Review by Relle

"Zoda? Soda?! My god! It all makes sense!"

I have less-than-fond memories of Startropics back when I was a wee lad who'd just received an NES for his fifth Christmas of his life. The original Startropics was a challenge in and of itself, with dated controls and often near-impossible levels that were made more frustrating by dead-end mazes and traps that dumped you out to the beginning of a stage. So how does the sequel stand? Much better, actually.

Graphics

A definite improvement over the first. The sprites have been cleaned up, and there are new enemies, with big bosses that look pretty good, if a bit dated by today's spritely standards. Mike looks about the same, and the cutscenes (if you can call them that) are similar to the first, though they do look slightly better. The dungeons take a different path than the first game, with haunted mansions and underground sewers providing a change of pace from the palette-changing caves.

Sound

I can't say I've heard worse music from an NES game...well, I can, but I don't remember which game, so I'll just say I've heard worse. You'll probably just consider the music background noise and go with it. The sound effects aren't that great either, and the noise the game makes when you're low on hearts is just grating. Fortunately, it's easy to die, so that noise will be gone soon.

Gameplay

The original Startropics was hindered by leaps and bounds by two major problems: you couldn't move diagonally, and you couldn't jump to save your life. The sequel fixes these problems, though the latter is sort of a question mark. The sequel takes place some time after the end of the first Startropics, with Mike receiving a message from the alien girl whose name is, oddly enough, Mica. Suddenly, Mike is warped into prehistory, and your adventure begins.

Right off the bat you'll notice there's no yo-yo this time. Instead you start with some sort of throwable food pellet, then work your way up to an ax, then a throwing knife, then a katana (that you throw, somehow). You also eventually get the psychic shockwave, which is upgraded as you progress through the game. The bolas, mace, razor discs, and slingshot make an appearance as well for more alien-bashing fun.

As I said earlier, the game improves very much on its predecessor mainly due to the inclusion of diagonal movement. You finally have free range of motion, and aren't limited to single-tile movements. The downside is, in the first game you'd be held in place by a tile. In this game, if you try walking toward the water or a pit, you'll fall in and die. No more invisible wall holding you back. This makes for some interesting (and sometimes frustrating) platforming. Another new addition is the multi-tiered environment. There are multiple levels to each dungeon, and jumping up to one level or another will let you proceed at times. Falling = bad.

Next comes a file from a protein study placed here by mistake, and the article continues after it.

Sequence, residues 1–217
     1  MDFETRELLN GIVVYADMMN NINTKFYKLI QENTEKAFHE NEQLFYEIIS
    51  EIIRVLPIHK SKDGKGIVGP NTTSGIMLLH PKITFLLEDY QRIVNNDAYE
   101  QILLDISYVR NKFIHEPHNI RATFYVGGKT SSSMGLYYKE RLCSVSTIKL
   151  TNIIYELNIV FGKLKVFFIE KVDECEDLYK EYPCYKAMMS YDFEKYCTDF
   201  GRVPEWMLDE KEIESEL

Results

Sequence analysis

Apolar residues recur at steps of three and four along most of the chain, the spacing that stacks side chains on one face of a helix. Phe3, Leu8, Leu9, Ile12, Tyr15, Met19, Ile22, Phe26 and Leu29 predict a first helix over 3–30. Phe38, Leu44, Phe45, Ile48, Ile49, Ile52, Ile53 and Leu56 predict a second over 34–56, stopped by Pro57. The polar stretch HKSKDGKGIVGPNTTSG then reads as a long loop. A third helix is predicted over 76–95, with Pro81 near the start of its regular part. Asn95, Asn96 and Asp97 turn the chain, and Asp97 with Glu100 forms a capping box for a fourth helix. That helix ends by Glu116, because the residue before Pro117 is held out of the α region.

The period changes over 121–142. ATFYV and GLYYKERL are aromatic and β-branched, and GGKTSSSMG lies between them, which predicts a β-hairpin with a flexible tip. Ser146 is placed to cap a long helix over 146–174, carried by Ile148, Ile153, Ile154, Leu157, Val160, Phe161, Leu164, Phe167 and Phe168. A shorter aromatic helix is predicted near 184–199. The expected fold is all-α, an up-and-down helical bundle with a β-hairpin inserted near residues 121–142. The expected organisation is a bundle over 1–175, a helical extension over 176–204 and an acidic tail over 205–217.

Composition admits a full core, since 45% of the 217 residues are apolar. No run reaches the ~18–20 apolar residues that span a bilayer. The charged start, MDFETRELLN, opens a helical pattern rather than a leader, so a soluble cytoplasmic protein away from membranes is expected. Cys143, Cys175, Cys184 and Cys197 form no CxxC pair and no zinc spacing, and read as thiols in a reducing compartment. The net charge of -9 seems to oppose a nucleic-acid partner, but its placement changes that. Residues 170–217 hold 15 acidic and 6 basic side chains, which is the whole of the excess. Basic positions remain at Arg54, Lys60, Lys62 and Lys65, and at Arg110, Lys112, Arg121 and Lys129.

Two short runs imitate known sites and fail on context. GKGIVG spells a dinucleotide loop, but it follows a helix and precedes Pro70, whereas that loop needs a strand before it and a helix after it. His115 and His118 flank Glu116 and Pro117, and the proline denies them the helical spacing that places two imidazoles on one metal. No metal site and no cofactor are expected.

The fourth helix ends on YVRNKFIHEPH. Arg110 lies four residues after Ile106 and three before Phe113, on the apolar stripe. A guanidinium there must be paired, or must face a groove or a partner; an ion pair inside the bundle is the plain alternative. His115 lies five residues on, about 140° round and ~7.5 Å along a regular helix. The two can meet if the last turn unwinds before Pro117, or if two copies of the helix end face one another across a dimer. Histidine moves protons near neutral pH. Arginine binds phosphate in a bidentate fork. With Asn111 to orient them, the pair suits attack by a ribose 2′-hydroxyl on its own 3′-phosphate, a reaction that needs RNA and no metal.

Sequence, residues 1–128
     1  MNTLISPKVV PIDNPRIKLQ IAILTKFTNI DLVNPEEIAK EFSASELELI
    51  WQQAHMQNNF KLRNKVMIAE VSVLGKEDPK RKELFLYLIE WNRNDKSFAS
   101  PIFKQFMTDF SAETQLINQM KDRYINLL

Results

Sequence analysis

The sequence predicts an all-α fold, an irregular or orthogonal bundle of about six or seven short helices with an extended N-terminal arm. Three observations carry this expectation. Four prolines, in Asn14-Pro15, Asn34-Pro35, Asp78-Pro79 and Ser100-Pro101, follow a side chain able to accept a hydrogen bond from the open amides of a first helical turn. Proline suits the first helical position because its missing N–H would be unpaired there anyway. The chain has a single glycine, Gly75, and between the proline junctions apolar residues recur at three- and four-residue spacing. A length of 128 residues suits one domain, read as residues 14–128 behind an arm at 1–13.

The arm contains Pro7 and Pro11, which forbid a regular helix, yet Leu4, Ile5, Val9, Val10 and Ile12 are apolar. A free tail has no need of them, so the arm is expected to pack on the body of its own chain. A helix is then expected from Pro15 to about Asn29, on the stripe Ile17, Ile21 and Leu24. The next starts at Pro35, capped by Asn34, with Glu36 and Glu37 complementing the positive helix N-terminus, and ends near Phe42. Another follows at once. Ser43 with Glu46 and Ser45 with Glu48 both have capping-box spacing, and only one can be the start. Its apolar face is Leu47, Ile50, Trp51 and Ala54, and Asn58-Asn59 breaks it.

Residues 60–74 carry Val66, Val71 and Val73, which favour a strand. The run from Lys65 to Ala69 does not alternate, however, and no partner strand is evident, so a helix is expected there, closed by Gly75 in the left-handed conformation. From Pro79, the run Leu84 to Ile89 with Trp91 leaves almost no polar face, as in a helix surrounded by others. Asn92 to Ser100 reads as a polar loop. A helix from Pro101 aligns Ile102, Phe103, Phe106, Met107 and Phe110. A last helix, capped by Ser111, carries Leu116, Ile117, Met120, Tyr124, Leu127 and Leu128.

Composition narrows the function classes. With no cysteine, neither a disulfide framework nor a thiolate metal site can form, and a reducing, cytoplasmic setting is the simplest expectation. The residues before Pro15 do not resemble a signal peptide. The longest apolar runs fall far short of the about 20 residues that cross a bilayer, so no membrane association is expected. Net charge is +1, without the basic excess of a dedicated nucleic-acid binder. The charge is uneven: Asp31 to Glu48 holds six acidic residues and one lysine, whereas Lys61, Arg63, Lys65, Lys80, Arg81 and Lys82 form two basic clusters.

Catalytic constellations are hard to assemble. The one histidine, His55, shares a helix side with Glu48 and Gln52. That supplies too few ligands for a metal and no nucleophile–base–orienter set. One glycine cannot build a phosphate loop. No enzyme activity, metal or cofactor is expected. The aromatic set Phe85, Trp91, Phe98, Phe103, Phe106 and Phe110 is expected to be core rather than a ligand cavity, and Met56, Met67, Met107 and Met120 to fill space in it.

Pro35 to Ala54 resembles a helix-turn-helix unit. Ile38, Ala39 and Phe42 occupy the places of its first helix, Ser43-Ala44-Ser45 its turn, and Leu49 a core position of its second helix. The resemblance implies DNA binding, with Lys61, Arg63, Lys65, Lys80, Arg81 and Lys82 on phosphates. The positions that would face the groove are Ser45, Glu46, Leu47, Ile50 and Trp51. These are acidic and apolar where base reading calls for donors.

The humor in this game is almost worth the trip by itself. There's a lot of little jabs at ye olde early 90's pop culture, from the TMNT reference to Mario delivering pizza in Italy. This may be one of the earliest games to have people of every time and culture, from cavemen to Leonardo Davinci, speaking perfect English as if it were a second language. Sign of the times...

This game retains some of the annoying qualities of the previous Startropics, namely dead-end mazes that lead to the beginning of a level. Considering how damn hard it is to get to the boss, let alone beat some of them, having rooms that lead you to the beginning can be downright infuriating. But, like all NES games, you've got to persevere and keep going.

While Startropics was made hard by poor play mechanics, the sequel earns its toughness rating. Enemies range from wild boars to zombies to laser-shooting aliens. The bosses are a test in and of themselves, each one requiring a certain method to beat. One particular boss near the end of the game made me think I was one of the best players in the world for beating it. Then I discovered there was an easier way, and I almost snapped my cart in half. Most bosses require nothing more than just hitting them a lot with whatever weapon you use, but figuring out their pattern, avoiding damage while you dish it out, there's the rub. That's what'll kill you fifty-umpteen times while you keep going back for more until you finally triumph over the bastards.

Replay Value

Really, none, unless you enjoyed the game as much as I did and wanted to play again. Actually beating the game will take a while, since the platforming is quite tough, even with the improved control. I have to admit the final boss wasn't quite as tough as some of the others, but the...interesting ending makes up for it.


Reviewer's Score: 9/10 | Originally Posted: 11/29/03


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